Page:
Leaders with the Cape Fear Transportation Public Authority are working to assess its response to a decision Monday night by New Hanover County commissioners to terminate the county’s agreement with Wave Transit.
The members of the Cape Fear Public Transportation Authority, or Wave Transit, will meet this week, and part of their discussions will be about the county's decision, said Jonathan Barfield, a longtime member of the authority's board and one of two county commissioners who voted Monday against the decision to give notice for the county to withdraw from the Wave Transit interlocal agreement.
The withdrawal would begin in July 2021, according to the county.
The decision comes at a time when Wave Transit is experiencing some financial challenges, as its current level of funding is not able to provide for the existing level of its services, according to the organization. Wave Transit is looking at reductions in service, as it faces a deficit.
"The board was already looking at reducing service to certain areas. And so knowing that this is the plan for New Hanover County and the fact that those significant funds are going to go away, No. 1, the board needs to fully understand ... What does that really mean for the Wave budget?
"And at the same time go ahead and put citizens on notice that certain routes would definitely be eliminated and give people in our community the opportunity to plan in advance to figure out how they're going to get from point A to point B from work, to school, to our VA clinic and points beyond as well," Barfield said Tuesday.
In a statement released by Wave Transit on Tuesday morning, officials said that they were working to understand the details of the county's decision.
They plan, acording to the statement, to consult the authority board, its attorney and the city of Wilmington, which is its main funding partner.
“Our goal during these discussions will be focused on continuing to provide the highest level of service to our customers and the community in the most efficient manner possible," stated the release. "As we work through the legal process in response to the decision by New Hanover County we will share on our plans moving forward.”
Based on the interlocal agreement in place, there is a required nine-month notice to withdraw, and that has to occur in the subsequent fiscal year, Jessica Loeper, the county's chief communications officer, said in an email Tuesday.
That means this change would not be in effect until the FY 2021-22 budget year, beginning on July 1, she said.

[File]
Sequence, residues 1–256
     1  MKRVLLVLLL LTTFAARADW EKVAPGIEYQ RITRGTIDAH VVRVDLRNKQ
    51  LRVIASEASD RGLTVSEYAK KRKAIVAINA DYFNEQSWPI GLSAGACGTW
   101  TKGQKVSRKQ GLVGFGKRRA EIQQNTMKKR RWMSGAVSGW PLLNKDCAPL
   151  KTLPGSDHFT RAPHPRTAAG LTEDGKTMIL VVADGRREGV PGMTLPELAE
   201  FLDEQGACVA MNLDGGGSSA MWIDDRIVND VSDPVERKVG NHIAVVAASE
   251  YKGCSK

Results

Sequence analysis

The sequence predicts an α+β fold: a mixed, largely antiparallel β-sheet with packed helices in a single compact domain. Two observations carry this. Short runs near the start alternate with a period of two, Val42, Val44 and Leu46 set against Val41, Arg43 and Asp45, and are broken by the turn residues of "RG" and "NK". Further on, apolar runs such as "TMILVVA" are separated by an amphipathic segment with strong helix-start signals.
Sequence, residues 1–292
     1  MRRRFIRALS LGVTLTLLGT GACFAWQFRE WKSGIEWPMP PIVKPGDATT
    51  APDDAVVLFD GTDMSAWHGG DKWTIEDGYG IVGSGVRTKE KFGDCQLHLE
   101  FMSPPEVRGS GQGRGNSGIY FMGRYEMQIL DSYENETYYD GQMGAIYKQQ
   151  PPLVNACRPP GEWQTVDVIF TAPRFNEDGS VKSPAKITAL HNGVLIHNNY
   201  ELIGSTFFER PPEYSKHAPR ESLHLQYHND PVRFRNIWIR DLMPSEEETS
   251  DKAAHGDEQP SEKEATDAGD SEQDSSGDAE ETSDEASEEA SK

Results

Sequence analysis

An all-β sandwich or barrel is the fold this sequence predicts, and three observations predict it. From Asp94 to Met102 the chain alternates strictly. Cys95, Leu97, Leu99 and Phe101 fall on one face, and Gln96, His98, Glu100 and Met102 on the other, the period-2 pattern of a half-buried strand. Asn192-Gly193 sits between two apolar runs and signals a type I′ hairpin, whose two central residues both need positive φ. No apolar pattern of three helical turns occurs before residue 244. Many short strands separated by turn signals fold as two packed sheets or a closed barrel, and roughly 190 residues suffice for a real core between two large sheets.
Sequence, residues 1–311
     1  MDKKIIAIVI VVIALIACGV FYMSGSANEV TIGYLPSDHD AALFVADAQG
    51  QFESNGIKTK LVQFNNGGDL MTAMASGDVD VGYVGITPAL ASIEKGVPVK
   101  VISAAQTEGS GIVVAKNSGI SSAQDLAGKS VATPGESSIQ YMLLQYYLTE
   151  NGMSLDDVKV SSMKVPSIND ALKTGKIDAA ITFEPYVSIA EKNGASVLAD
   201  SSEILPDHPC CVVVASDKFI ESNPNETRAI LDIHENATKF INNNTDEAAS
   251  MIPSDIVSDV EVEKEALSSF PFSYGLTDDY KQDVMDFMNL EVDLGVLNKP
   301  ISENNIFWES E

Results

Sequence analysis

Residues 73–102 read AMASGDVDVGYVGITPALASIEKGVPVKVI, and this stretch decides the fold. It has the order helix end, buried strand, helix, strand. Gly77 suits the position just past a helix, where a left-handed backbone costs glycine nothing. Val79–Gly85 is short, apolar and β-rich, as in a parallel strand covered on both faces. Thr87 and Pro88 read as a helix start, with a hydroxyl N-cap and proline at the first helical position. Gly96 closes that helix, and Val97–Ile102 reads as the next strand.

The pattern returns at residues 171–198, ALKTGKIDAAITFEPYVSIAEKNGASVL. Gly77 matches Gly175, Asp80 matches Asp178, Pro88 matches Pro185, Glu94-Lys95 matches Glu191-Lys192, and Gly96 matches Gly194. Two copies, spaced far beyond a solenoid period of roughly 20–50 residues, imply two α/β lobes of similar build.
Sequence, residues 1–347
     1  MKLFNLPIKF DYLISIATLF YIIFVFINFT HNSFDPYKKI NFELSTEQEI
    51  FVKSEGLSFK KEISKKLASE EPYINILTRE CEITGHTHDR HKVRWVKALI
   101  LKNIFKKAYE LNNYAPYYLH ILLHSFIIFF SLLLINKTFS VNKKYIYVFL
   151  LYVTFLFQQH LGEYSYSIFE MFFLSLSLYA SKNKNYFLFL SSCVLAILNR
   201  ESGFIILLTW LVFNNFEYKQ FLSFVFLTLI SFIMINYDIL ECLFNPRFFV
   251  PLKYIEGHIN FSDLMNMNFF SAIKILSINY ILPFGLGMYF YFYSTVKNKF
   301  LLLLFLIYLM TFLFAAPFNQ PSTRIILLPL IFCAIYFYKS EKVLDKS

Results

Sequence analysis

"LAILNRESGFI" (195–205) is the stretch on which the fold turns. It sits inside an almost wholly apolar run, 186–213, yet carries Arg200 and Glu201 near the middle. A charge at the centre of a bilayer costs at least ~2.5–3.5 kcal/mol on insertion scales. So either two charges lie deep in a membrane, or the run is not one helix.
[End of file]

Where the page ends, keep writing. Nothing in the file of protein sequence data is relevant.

"This is not intended to impact the fixed routes in the city, as those are largely funded through municipal, state and federal appropriations, not direct county funding," Loeper said.
New Hanover County adopted nearly $331,000 in funding for Wave Transit in its FY 2019-20 budget, which began on July 1. The city of Wilmington's FY 2019-20 budget included more than $1.4 million.
The commissioners' 3-2 vote Monday to provide notice of the county’s intent to withdraw from its agreement with Wave Transit had Barfield, board chairman, and commissioner Rob Zapple voting against the move, while commissioners Patricia Kusek, Woody White and Julia Olson-Boseman voted in favor of the motion.
The motion was brought forward late in the commissioners meeting by Olson-Boseman and was not on the agenda. The vice-chair did not return a message for comment Tuesday.
"For me it's disappointing," Barfield said of the move. "I think it's going to affect the people in our community that can least afford this to affect them. And that's a shame."
White said he has been constant in his stance on public transit.
“I do support [public transit] in densely populated areas where it makes sense. It does not make sense in our outlying areas to fund routes that use large buses that few ride, that clog up the roadways, and that cost so much to purchase and operate,” White said in an email. “If Wave had better leadership and guidance, they would reinvent themselves and innovate to maximize the more popular routes, lower wait times, and make the product they deliver more user-friendly and marketable.
"[Public transit] will always be in need of some government subsidy where it makes sense and supports the elderly and vulnerable ... But if we continue to deny the obvious – i.e. that under its present construct it is wasteful and is under existential threat due to disruptions in the transportation industry – then we are not doing our jobs," White said.
The city of Wilmington and New Hanover County entered into an agreement in June 2003, in which the county merged Wilmington Transit Authority (WTA) and New Hanover Transportation Services to form the Wilmington/New Hanover Transportation Agency (WNHTA).
“This agreement merged the respective organizations for one year, in order to provide oversight of both agencies under one public transportation authority,” according to Wave Transit’s website.
In July 2004 the WNHTA, the WTA and NHTS were dissolved, and a new transportation authority was created. The merged entity officially became the Cape Fear Public Transportation Authority but kept the name Wave Transit, stated the website.
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